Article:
Most providers diagnose heel pain as plantar fasciitis. Everyone knows the ice, stretch and support protocol. But what if it is not plantar fasciitis?
One subset of patients I see have a sudden onset of heel pain without swelling that I can note on exam. In my experience, these cases may fall into one of two diagnoses:
- Heel bursitis. Only deep palpation away from the plantar fascia reveals a painful bursal sac.
- Heel neuritis. This can cause heel rim pain, plantar heel pain, radiating pain or other neuropathic symptoms.
Plantar fasciitis can morph into bursitis due to chronic low grade inflammation but this is not the type of case in question here.
Sudden heel pain with a painful palpable mass at the plantar heel can be infracalcaneal bursitis. There may or may not be a reason for the bursae to swell, causing pain that the patient will remember (like stepping on a rock barefoot at the beach). There is a bursal sac that protects bony prominences, similar to what one will find at the hip, knee and under the metatarsals. This bursal sac only becomes sore and swollen when it is irritated.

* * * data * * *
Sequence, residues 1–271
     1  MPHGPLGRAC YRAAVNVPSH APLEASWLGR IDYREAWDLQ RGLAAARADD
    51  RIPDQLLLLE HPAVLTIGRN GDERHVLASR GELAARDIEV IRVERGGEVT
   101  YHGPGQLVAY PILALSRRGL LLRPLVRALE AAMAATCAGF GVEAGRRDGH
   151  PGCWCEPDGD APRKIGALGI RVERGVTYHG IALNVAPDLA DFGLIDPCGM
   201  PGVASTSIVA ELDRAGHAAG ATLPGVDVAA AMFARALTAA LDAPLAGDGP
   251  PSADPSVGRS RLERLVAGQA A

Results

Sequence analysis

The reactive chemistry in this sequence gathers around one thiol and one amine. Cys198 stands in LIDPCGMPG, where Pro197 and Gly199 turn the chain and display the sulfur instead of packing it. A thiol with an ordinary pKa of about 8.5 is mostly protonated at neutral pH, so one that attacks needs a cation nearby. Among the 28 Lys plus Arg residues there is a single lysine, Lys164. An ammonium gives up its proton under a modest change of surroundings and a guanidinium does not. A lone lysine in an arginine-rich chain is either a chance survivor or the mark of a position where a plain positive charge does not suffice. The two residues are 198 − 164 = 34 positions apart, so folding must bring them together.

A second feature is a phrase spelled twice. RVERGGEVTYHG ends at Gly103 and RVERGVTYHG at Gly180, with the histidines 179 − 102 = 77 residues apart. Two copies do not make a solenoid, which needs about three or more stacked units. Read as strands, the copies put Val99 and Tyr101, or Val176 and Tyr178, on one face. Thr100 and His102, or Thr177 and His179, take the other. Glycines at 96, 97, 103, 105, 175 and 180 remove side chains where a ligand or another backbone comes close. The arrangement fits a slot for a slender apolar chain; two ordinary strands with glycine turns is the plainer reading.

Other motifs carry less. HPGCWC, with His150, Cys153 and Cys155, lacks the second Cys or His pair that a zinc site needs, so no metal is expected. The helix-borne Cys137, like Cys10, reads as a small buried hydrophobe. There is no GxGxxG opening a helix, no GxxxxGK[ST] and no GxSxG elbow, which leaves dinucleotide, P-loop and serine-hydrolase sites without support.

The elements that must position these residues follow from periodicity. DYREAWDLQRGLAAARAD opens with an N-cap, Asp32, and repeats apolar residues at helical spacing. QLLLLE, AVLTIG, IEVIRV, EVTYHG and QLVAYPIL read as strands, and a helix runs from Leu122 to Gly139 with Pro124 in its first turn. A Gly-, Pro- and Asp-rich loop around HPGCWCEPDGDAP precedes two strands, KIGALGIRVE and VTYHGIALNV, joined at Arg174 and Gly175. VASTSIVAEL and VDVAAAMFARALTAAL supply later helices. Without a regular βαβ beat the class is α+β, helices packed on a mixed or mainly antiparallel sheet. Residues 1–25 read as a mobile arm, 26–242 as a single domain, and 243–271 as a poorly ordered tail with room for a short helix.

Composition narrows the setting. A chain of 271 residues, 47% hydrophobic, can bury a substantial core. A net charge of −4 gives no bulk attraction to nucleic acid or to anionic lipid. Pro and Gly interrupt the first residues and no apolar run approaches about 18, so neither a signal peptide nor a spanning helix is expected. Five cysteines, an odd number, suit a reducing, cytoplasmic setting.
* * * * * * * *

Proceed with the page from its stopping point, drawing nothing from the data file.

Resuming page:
How the patient feels while barefoot walking may help in your diagnosis. Plantar fasciitis typically hurts more at push-off so walking on the toes may hurt. Heel bursitis hurts more when walking on the heels alone.
Heel neuritis can be local in nature (Baxter’s nerve entrapment), referred pain from the tarsal tunnel or referred pain from the low back and even cervical issues. Similar to how one might approach any peripheral nerve problem, you always have to think that it could be from higher up the chain, like a double crush syndrome.
With a double crush syndrome, the nerve is irritated at the heel. For example, this could involve a perfect storm of sorts with a pes cavus foot, a bony heel and no fat pad. The nerve is also irritated at the back, piriformis, behind the knee due to a Baker’s cyst or in tight hamstrings or calves. What complicates this is that there is no test that confirms that the nerve is irritable. Nerve tests like nerve conduction studies look for damaged nerves, not excitable nerves.
So when heel pain initially diagnosed as plantar fasciitis is not getting better with plantar fascia treatment, you must start looking for another working diagnosis. When there is no obvious swelling and no problems like a plantar fascia tear, heel stress fracture or bone bruise, you should look for heel bursitis and heel neuritis.
Dr. Blake is in practice at the Center for Sports Medicine, which is affiliated with St. Francis Memorial Hospital in San Francisco. He is a past president of the American Academy of Podiatric Sports Medicine. Dr. Blake is the author of the recently published book, “The Inverted Orthotic Technique: A Process Of Foot Stabilization For Pronated Feet,” which is available at www.bookbaby.com.
Editor’s note: This blog originally appeared at www.drblakeshealingsole.com. It is adapted with permission from the author.